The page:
Cycling, What’s in it for me?

 

Cycling is a low-impact, aerobic workout that provides a myriad of health benefits and can be continued for life without a major time commitment.

 

Numerous studies have found that cycling provides a variety of health benefits. Some of the benefits address specific health concerns, and others result in more general or indirect health benefits. They include:

 

Clean air – Cycling is non-polluting and can help us breathe easier. Much of the pollutants and irritants in the air are the result of fossil fuel emissions and can cause serious health problems, including asthma, irritation of the lungs, bronchitis, pneumonia, decreased resistance to respiratory infections, and even early death. These health risks are accentuated in children. When people ride bikes instead of driving cars, everyone’s health benefits.

 

Ease of incorporating it into your life – Cycling generally does not involve a steep learning curve and a lot of expensive equipment (beyond a bike and a helmet, other cycling gear is optional). In most areas, you can cycle year-round, and build it into your daily routine by cycling to work and to do errands. Most people can continue cycling indefinitely. This means that you will be more likely to stick with cycling long-term, and lead a healthier life.

Exposure to sunlight – Vitamin D generated from 15 minutes of sunshine a day can help prevent prostate cancer, breast cancer, and osteoporosis. (Note: Too much sun, however, increases the risk of skin cancer.)

Improved cardiovascular fitness – Cycling strengthens the heart, which improves blood circulation and reduces blood fat levels and resting pulse. Riding as little as 30 minutes every other day meets the American Heart Association’s recommendations for a healthy heart.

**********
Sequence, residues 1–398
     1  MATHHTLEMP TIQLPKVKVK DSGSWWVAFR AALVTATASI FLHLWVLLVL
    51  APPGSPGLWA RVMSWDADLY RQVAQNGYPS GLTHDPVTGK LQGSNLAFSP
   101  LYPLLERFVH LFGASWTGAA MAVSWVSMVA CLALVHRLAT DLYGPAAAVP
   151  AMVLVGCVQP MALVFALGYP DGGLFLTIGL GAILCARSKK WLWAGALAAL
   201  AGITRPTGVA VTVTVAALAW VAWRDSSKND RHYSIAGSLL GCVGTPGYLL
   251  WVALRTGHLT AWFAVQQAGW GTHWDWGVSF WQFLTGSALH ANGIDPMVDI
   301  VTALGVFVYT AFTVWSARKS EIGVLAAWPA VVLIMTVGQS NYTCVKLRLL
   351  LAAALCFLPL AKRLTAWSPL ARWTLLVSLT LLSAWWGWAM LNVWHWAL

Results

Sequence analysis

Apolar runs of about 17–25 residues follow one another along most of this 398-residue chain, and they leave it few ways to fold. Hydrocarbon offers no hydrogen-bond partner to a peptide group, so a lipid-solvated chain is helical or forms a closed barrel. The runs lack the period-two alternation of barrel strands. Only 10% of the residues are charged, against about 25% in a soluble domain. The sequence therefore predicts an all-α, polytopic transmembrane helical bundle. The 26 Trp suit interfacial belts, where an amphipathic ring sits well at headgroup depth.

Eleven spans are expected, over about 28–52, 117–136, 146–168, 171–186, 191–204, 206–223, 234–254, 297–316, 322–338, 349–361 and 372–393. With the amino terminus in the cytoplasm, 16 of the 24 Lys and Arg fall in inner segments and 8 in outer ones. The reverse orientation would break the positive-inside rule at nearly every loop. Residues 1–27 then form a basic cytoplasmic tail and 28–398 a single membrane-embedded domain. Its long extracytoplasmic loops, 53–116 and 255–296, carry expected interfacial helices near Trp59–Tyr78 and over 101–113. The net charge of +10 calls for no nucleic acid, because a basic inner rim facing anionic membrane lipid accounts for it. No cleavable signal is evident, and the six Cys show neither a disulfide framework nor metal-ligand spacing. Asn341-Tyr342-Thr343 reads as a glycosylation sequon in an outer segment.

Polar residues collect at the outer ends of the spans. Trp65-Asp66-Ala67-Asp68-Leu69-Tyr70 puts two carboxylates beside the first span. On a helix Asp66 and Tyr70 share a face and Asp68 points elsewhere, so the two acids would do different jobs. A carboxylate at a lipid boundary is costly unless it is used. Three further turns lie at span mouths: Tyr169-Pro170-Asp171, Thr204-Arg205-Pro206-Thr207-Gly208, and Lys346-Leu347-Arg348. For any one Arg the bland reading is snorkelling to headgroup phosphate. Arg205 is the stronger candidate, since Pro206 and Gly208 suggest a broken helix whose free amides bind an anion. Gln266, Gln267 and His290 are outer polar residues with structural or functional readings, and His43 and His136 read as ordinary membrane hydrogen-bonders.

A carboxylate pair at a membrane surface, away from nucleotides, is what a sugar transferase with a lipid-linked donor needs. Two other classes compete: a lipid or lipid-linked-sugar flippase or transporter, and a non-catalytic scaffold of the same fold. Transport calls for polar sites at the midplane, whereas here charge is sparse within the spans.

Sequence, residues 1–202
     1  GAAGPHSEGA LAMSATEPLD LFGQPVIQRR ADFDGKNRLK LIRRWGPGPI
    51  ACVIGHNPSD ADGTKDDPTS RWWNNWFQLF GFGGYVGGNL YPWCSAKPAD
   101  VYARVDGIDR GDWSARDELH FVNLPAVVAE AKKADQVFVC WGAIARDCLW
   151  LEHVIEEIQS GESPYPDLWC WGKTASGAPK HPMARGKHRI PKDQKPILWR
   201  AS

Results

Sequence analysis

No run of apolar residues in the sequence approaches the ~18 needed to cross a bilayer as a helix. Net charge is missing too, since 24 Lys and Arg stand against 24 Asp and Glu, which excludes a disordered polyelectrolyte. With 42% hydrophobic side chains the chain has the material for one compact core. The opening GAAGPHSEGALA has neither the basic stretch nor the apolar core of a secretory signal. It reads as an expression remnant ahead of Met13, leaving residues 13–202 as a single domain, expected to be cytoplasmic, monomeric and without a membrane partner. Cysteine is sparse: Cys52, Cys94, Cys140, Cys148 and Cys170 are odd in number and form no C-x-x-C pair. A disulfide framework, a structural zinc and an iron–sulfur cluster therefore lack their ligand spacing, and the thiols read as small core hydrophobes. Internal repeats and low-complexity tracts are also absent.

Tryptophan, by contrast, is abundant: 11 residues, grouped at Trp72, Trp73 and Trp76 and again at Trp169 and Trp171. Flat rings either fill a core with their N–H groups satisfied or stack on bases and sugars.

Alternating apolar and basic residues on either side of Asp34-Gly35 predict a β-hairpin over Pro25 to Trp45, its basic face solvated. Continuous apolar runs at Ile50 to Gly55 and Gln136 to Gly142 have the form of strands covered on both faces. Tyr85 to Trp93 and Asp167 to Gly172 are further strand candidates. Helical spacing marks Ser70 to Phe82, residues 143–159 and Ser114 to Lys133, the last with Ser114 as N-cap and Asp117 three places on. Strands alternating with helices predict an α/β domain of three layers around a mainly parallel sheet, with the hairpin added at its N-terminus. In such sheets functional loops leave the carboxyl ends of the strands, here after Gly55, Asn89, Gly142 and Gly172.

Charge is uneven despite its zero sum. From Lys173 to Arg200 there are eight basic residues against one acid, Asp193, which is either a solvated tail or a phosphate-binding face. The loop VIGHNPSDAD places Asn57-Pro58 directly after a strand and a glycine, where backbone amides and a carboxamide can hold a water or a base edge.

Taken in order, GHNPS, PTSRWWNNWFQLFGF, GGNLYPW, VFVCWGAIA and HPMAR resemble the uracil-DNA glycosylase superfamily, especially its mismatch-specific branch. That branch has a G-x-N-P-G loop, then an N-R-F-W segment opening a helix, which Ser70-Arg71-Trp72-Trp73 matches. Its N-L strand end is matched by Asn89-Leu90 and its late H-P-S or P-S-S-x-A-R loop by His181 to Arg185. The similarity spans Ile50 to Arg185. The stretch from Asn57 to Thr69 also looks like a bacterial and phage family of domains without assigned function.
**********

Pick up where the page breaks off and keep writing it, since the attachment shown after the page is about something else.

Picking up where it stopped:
Increased joint movement and less pounding – Cycling reduces the risk of arthritis (or inflammation of the joints) caused by worn out cartilage. Exercises like running put more stress on joints and break down cartilage, especially in the knees. Cycling is gentler on joints and can actually strengthen them because the cycling motion provides nourishment that builds up cartilage.



 

More active lifestyle – Cycling (and other exercise) combats the dangers of a sedentary lifestyle, which increases the risks of cancer, heart disease, diabetes, osteoporosis, and respiratory ailments. All of these diseases can be prevented – even reversed – with regular exercise. Further, regular exercise increases the heart’s ability to pump blood even when you are sitting still.

Reduced back pain – Cycling (and other exercise) provides nourishment that discs in the spine need for development. The large muscles in the back develop and become stronger. And cycling strengthens the small muscles that support individual vertebrae.

 

Stress reduction – Moderate exercise, including cycling, reduces stress, which leads to lower cholesterol and blood pressure.

 

Stronger immune system – Moderate exercise causes a boost in the immune system by increasing the production of cells that attack bacteria. Going for an easy ride can even make you feel better when you have mild cold symptoms without fever.

Sweating – Cycling causes most people to sweat, which is good for you because you sweat out toxins and (ideally) replace lost liquids with clean water.

 

Weight loss and fitness – Exercise, like cycling, burns calories, raises the metabolic rate, and builds muscle tone, so you burn more calories while at rest. This can combat the well-documented effects of obesity, including increased risk of disease and early death.

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